June 27, 2019
The Sixers have been at risk of losing their big free agents regardless of what has been going on with the Lakers since the season ended. After the Lakers reportedly came to an agreement to ship out some of their young talent on Thursday, the things happening in L.A. suddenly have very real consequences for the Sixers.
According to ESPN's Adrian Wojnarowski, Zach Lowe, and Bobby Marks, the Lakers will send Mo Wagner, Isaac Bonga, and Jemerrio Jones to the Washington Wizards in an effort to clear cap space, and in conjunction with that trade, newly acquired big man Anthony Davis will waive his $4 million trade kicker. That chunk of change may stop Davis from owning a new yacht unless he makes it back from Space Jam 2, but it now puts the Lakers in a position to sign a 30 percent max free agent this summer.
If the Lakers decide they want to chase a max-level player, whether that's the top man on the market in Kawhi Leonard or Sixers free agent Jimmy Butler, they now have the means to do so without an incoming player having to take a significant discount*. That is the first and most obvious way the Sixers are impacted by these moves — if one of their free agents has a desire to play in L.A., there are no real restrictions stopping a marriage at this point.
*(A note here — the Lakers may actually end up being about $700,000 short of that full max slot. With raises, that ends up being a $3 million shortage over the length of a four-year contract. Do I personally think this is significant enough to derail a deal? No. But that is ultimately up to the players in question.)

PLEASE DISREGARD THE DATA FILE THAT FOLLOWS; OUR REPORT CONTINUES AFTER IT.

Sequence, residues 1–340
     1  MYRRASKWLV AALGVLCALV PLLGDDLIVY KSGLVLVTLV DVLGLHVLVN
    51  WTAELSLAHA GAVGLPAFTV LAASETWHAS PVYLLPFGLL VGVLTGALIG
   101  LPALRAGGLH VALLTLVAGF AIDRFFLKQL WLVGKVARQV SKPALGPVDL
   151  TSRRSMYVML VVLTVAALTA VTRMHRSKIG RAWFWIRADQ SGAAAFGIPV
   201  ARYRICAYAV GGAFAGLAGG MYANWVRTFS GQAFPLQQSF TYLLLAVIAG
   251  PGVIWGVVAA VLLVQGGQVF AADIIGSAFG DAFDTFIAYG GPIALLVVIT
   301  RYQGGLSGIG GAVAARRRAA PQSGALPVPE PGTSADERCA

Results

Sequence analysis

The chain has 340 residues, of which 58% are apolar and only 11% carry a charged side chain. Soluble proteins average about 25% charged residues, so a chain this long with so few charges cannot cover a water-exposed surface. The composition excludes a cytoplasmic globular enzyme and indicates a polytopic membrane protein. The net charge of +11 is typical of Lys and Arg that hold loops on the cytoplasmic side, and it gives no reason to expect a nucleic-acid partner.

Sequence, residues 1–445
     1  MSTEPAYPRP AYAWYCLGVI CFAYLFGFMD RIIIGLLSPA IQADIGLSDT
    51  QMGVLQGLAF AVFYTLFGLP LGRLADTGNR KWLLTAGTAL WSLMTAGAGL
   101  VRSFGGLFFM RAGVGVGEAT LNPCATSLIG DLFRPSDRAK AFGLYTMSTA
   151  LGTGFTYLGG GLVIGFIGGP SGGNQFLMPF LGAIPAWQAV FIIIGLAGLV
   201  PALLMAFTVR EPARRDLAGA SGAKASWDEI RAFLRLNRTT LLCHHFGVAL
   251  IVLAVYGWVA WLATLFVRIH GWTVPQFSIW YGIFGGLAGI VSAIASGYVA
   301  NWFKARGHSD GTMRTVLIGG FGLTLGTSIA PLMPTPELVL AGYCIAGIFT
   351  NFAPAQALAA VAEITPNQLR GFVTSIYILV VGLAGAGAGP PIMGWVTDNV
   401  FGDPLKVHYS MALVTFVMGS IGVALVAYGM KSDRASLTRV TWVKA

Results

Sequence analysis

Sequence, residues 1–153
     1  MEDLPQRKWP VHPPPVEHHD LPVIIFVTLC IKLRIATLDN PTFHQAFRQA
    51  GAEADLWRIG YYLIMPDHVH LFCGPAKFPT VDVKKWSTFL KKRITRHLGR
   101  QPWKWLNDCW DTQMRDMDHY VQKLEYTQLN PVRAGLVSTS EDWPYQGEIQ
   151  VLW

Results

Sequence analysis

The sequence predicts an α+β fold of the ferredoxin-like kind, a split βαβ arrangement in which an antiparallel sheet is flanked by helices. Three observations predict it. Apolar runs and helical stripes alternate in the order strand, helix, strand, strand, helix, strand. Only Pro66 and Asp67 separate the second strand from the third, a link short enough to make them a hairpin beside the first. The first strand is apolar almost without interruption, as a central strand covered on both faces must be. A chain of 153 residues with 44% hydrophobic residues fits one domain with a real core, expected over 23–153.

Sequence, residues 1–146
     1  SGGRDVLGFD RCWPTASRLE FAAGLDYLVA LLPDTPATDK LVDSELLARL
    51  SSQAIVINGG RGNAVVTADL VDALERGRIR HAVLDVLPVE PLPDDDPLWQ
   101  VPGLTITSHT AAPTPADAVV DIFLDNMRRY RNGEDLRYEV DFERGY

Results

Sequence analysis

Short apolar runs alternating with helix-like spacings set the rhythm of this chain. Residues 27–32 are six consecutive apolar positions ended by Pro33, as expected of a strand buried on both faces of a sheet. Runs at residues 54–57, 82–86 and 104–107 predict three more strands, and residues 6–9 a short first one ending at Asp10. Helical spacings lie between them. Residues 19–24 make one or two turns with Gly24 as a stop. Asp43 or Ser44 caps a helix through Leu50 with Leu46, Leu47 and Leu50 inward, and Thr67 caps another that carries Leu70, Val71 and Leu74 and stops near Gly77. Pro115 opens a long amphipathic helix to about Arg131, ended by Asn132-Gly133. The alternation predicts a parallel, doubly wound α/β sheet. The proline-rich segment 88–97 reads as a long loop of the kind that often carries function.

So this should make something very clear to the Philadelphia brain trust if it isn't already — the Sixers are going to have to pay up without a second thought when free agency opens on Sunday. There are too many flight opportunities at this point to play chicken with their top free agents.
Privately, the Sixers have shrugged off concerns about the Houston Rockets potentially coming in to steal Butler from their team. They view that situation for what it is: a team without the cap space to sign a free agent trying to sow uncertainty into the marketplace. Free agency is always fluid, but at this point, the team has been given no reason to believe their hand will be forced to deal Butler to the Rockets specifically.
There have been fewer declarations about their broader free agency concerns or contractual plans for the likes of Butler and Harris.
Some of this is by design. Incumbent teams have the least to gain leaking their intent to the public. If the Sixers were giving contract details and confidence levels to various members of the media, the most they could gain is a brief period of calmness for their fanbase. The Sixers have also made it a habit to try to keep major moves quiet as much as possible since GM Elton Brand took over before last season, Matisse Thybulle promises aside. At times, they have even gone out of their way to send conflicting information, ostensibly in an effort to hide their true intentions.